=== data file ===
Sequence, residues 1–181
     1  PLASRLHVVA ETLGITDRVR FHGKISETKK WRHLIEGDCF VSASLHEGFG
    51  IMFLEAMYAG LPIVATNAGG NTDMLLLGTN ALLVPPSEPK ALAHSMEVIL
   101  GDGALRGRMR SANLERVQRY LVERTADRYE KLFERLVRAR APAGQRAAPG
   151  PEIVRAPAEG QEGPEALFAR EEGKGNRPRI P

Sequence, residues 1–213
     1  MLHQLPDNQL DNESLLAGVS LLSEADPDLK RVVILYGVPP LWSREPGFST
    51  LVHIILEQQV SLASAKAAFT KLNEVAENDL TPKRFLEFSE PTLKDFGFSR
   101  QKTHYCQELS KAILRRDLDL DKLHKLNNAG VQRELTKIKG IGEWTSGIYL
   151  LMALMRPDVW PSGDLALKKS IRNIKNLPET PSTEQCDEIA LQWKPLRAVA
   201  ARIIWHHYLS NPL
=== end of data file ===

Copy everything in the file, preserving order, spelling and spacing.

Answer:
Sequence, residues 1–181
     1  PLASRLHVVA ETLGITDRVR FHGKISETKK WRHLIEGDCF VSASLHEGFG
    51  IMFLEAMYAG LPIVATNAGG NTDMLLLGTN ALLVPPSEPK ALAHSMEVIL
   101  GDGALRGRMR SANLERVQRY LVERTADRYE KLFERLVRAR APAGQRAAPG
   151  PEIVRAPAEG QEGPEALFAR EEGKGNRPRI P

Sequence, residues 1–213
     1  MLHQLPDNQL DNESLLAGVS LLSEADPDLK RVVILYGVPP LWSREPGFST
    51  LVHIILEQQV SLASAKAAFT KLNEVAENDL TPKRFLEFSE PTLKDFGFSR
   101  QKTHYCQELS KAILRRDLDL DKLHKLNNAG VQRELTKIKG IGEWTSGIYL
   151  LMALMRPDVW PSGDLALKKS IRNIKNLPET PSTEQCDEIA LQWKPLRAVA
   201  ARIIWHHYLS NPL